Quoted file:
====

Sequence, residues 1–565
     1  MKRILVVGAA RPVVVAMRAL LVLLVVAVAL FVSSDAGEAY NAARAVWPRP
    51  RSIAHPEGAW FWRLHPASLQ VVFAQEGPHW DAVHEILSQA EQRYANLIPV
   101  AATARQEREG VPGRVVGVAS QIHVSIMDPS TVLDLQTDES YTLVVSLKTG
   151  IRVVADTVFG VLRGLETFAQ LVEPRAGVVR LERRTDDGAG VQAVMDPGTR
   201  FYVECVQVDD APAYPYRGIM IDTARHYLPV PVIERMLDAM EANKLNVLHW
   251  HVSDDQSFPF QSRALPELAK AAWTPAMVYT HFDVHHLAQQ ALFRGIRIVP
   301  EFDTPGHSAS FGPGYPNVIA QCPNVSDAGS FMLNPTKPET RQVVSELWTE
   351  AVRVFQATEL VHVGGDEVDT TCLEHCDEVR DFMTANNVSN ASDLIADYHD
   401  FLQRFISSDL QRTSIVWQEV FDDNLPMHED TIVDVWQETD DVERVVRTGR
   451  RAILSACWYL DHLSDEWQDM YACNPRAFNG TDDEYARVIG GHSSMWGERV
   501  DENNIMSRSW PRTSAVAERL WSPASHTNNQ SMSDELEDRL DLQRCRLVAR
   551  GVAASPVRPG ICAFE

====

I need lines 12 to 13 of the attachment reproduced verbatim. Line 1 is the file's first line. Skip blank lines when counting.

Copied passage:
   501  DENNIMSRSW PRTSAVAERL WSPASHTNNQ SMSDELEDRL DLQRCRLVAR
   551  GVAASPVRPG ICAFE